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Evaluation of the Match Performances of Substitution Players in Elite Soccer

Paul S. Bradley, Carlos Lago-Peñas, and Ezequiel Rey


To evaluate match performances of substitute players using different research designs.


English Premier League matches were analyzed using a multiple-camera system. Two research designs were adopted: an independent-measures analysis comparing the match-performance characteristics of players completing the entire match (n = 810) vs substitutes (n = 286) and the players they replaced (n = 286) and a repeated-measures analysis comparing the same players completing full matches vs those in which they were introduced as a substitute (n = 94).


Most substitutions (P < .05) occurred at halftime and between the 60- to 85-min vs all first-half periods and the remaining second-half periods (effect size [ES]: 0.85–1.21). These substitutions become more (P < .01) offensive (eg, more attacking positions were introduced) in relation to the positions introduced as the half progressed (ES: 0.93–1.37). Independent-measures analysis indicated that high-intensity running was greater (P < .01) in substitutes compared with players who either completed the entire match or were replaced (ES: 0.28–0.67), but no differences were evident for pass-completion rates (ES: 0.01–0.02). Repeated-measures analysis highlighted that players covered more (P < .01) high-intensity running when they were introduced as substitutes compared with the equivalent period of the second- but not the first-half period (ES: 0.21–0.47). Both research designs indicated that attackers covered more (P < .05) high-intensity running than peers or their own performances when completing the entire match (ES: 0.45– 0.71).


Substitutes cover greater high-intensity-running distance; this was particularly evident in attackers, but pass-completion rates did not differ for any position. This information could be beneficial to coaches regarding optimizing the match running performances of their players, but much more work needs to be undertaken to investigate the overall impact of substitutes (physical, technical indicators, and contribution to key moments of matches).

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Accumulative Weekly External and Internal Load Relative to Match Load in Elite Male Youth Soccer Players

Vicente de Dios-Álvarez, Pello Alkain, Julen Castellano, and Ezequiel Rey

Purpose: The aim of this study was 2-fold: (1) to assess and compare the external and internal load of elite young soccer players during competitive microcycles and (2) to describe the training/match ratios (TMr) in elite male youth soccer players. Method: Twenty-one youth soccer players were monitored using a 10-Hz global positioning system. Total distance covered, running distance (RD), high-speed RD, sprint distance, number of accelerations and decelerations, player load, and rated perceived exertion were recorded during training sessions and matches. The TMr was calculated for each load measure. All variables were also normalized dividing the load per minute of activity. Results: The RD, high-speed running, and sprint distance were higher 3 days before the match and 2 days before match compared with the rest of the training sessions. However, accelerations, decelerations, and player load were higher 4 days before match than other sessions. Besides this, the TMr of RD, high-speed running, and sprint distance were associated with lower values than the TMr of total distance covered, accelerations, decelerations, and player load. The match constituted the highest load during competitive microcycle. Conclusions: The present data support the idea that youth soccer coaches and practitioners must consider relative training load according to match demands to better manage and evaluate player periodization.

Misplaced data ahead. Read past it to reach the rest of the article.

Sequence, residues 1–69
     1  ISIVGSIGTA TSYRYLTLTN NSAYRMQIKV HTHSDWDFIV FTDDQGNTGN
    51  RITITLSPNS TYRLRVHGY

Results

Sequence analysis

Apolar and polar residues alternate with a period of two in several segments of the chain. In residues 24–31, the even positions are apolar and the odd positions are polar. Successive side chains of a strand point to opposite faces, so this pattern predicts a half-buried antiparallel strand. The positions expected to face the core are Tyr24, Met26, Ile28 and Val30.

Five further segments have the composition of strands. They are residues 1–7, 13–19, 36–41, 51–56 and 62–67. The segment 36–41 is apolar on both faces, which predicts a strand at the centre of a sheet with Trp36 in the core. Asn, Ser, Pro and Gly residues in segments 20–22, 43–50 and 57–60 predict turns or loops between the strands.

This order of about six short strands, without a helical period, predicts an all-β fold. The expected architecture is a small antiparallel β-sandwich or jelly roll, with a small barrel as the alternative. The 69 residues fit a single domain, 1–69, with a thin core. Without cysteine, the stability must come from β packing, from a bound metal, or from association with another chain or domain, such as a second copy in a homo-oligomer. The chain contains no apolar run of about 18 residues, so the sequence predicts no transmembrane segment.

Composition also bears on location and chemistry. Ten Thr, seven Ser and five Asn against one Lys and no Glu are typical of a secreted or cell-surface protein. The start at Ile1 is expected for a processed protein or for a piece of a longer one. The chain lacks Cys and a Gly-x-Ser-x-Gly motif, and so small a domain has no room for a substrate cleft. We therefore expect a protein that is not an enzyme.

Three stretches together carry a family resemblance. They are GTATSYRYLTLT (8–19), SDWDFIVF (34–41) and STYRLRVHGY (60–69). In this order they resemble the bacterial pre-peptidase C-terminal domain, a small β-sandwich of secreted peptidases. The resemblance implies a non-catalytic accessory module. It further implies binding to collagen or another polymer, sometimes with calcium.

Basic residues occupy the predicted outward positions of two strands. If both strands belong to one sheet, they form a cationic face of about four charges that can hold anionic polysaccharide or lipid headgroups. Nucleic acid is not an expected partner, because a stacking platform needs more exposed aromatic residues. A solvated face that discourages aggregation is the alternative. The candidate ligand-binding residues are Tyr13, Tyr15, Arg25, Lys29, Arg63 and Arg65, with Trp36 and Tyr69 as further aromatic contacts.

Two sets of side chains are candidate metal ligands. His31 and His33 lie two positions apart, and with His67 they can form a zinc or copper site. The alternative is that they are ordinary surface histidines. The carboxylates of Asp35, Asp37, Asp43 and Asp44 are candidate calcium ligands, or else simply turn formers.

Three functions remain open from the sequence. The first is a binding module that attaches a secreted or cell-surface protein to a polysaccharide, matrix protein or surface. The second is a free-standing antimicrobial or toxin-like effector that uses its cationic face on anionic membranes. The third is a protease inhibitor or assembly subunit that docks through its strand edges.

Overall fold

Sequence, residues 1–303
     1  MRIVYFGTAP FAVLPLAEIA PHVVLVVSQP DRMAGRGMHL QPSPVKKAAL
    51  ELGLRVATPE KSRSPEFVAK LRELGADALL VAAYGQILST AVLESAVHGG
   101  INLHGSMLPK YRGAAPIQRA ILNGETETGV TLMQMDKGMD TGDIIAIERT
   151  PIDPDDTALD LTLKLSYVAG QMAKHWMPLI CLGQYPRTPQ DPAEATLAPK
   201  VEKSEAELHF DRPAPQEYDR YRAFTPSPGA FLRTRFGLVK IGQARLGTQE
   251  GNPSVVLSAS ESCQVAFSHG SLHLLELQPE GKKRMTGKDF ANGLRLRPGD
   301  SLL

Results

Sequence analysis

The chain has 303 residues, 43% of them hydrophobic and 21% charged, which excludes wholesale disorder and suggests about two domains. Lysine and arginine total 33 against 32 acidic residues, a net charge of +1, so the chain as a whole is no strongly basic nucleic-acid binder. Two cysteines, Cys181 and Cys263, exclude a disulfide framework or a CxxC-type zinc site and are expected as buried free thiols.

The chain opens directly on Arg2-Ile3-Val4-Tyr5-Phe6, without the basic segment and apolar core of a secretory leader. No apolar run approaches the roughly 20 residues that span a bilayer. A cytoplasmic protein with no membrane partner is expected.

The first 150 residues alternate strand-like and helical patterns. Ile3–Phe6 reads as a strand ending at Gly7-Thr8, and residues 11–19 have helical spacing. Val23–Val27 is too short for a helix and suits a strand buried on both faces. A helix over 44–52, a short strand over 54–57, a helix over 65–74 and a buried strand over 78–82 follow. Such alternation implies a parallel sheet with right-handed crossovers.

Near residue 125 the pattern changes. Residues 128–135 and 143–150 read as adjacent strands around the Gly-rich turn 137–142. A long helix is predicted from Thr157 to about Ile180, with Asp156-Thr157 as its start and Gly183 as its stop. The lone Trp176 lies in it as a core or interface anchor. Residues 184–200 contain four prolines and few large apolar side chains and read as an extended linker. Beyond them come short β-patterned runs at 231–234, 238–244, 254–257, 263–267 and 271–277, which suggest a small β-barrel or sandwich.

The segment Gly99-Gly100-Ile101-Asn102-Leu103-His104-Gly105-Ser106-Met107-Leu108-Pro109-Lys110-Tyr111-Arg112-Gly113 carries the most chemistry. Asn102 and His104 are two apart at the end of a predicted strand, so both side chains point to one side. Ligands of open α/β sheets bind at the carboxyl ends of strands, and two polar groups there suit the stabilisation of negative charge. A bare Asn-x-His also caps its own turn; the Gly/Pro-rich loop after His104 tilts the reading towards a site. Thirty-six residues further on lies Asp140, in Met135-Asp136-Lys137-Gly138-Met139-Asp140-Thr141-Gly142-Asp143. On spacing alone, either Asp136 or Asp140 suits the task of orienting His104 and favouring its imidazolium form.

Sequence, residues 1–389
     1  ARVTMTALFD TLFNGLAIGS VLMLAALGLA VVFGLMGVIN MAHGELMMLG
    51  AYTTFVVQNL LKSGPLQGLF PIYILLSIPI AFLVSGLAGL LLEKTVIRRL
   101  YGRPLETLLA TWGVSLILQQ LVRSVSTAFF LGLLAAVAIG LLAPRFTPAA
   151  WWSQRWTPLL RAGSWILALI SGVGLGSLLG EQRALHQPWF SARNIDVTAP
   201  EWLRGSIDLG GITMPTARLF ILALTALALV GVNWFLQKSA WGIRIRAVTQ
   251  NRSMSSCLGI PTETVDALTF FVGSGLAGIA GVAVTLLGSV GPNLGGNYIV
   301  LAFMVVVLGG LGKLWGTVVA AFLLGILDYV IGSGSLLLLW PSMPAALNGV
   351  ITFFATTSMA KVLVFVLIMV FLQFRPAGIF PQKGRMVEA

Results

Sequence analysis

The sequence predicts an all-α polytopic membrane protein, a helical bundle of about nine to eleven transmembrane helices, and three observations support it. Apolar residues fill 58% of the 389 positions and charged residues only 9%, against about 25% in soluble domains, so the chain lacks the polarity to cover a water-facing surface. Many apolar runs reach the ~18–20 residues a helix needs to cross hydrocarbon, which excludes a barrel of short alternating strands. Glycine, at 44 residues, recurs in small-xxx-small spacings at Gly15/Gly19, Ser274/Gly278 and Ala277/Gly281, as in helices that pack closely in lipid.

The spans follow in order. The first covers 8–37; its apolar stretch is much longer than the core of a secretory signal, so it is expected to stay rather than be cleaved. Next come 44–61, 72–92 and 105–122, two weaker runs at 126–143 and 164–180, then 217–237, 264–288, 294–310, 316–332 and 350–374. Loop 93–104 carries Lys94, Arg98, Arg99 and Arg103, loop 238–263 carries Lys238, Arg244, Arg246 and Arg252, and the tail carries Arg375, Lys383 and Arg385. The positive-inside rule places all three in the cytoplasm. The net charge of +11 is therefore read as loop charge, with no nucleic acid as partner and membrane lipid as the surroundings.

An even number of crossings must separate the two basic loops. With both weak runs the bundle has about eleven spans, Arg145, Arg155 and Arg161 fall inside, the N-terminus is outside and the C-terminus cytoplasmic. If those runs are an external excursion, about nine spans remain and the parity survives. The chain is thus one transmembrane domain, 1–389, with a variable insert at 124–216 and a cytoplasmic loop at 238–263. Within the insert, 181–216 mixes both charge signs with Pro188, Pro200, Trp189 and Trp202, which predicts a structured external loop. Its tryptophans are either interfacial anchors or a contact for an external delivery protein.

Open access

Interrater Reliability of the Test of Gross Motor Development—Third Edition Following Raters’ Agreement on Measurement Criteria

Aida Carballo-Fazanes, Ezequiel Rey, Nadia C. Valentini, Cristina Varela-Casal, and Cristian Abelairas-Gómez

We aimed to calculate interrater reliability of the Test of Gross Motor Development—Third Edition (TGMD-3) after raters reached a consensus regarding measurement criteria. Three raters measured the fundamental movement skills of 25 children on the TGMD-3 at two different times: (a) once when simply following the measurement criteria in the TGMD-3 manual and (b) after a 9-month washout period, following the raters’ consensus building for the measurement criteria for each skill. After calculating and comparing the interrater reliability of these three raters across these two rating times, we found improved interrater reliability after the raters’ consensus-building discussions on ratings of both locomotor skills (moderate-to-good reliability on two of six skills initially and at least moderate-to-excellent on four of six skills following criteria consensus building) and ball skills (moderate-to-good reliability on one of seven skills initially and at least moderate-to-excellent reliability on four of seven skills following criteria consensus building). For subtest scores and overall test scores, raters achieved at least moderate-to-good reliability on their second, postconsensus-building ratings. Based on this improved reliability following consensus building, we recommend that researchers include rater consensus building before assessing children’s fundamental movement skills or guiding curriculum interventions in physical education from TGMD-3 data.